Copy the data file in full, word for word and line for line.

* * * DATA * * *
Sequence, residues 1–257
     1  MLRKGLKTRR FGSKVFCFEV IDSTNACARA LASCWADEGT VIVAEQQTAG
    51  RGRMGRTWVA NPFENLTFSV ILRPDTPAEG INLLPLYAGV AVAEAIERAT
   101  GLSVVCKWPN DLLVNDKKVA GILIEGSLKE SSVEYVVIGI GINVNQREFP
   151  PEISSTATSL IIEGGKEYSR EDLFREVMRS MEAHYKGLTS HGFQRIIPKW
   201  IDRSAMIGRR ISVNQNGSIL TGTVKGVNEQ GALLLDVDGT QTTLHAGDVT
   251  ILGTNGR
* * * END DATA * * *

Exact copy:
Sequence, residues 1–257
     1  MLRKGLKTRR FGSKVFCFEV IDSTNACARA LASCWADEGT VIVAEQQTAG
    51  RGRMGRTWVA NPFENLTFSV ILRPDTPAEG INLLPLYAGV AVAEAIERAT
   101  GLSVVCKWPN DLLVNDKKVA GILIEGSLKE SSVEYVVIGI GINVNQREFP
   151  PEISSTATSL IIEGGKEYSR EDLFREVMRS MEAHYKGLTS HGFQRIIPKW
   201  IDRSAMIGRR ISVNQNGSIL TGTVKGVNEQ GALLLDVDGT QTTLHAGDVT
   251  ILGTNGR